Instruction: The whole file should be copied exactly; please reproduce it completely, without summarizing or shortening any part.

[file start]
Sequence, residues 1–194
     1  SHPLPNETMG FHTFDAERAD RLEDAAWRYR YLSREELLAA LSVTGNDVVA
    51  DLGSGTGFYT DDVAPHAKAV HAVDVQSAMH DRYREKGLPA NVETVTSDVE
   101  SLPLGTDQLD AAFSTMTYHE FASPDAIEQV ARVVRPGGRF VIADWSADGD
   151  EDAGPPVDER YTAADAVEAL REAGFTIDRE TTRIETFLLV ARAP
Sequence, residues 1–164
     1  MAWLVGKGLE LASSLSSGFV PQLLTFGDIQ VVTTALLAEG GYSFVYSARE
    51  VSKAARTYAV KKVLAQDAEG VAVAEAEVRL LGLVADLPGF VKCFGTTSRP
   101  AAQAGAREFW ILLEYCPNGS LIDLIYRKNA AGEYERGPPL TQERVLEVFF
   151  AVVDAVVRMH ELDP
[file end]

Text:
Sequence, residues 1–194
     1  SHPLPNETMG FHTFDAERAD RLEDAAWRYR YLSREELLAA LSVTGNDVVA
    51  DLGSGTGFYT DDVAPHAKAV HAVDVQSAMH DRYREKGLPA NVETVTSDVE
   101  SLPLGTDQLD AAFSTMTYHE FASPDAIEQV ARVVRPGGRF VIADWSADGD
   151  EDAGPPVDER YTAADAVEAL REAGFTIDRE TTRIETFLLV ARAP
Sequence, residues 1–164
     1  MAWLVGKGLE LASSLSSGFV PQLLTFGDIQ VVTTALLAEG GYSFVYSARE
    51  VSKAARTYAV KKVLAQDAEG VAVAEAEVRL LGLVADLPGF VKCFGTTSRP
   101  AAQAGAREFW ILLEYCPNGS LIDLIYRKNA AGEYERGPPL TQERVLEVFF
   151  AVVDAVVRMH ELDP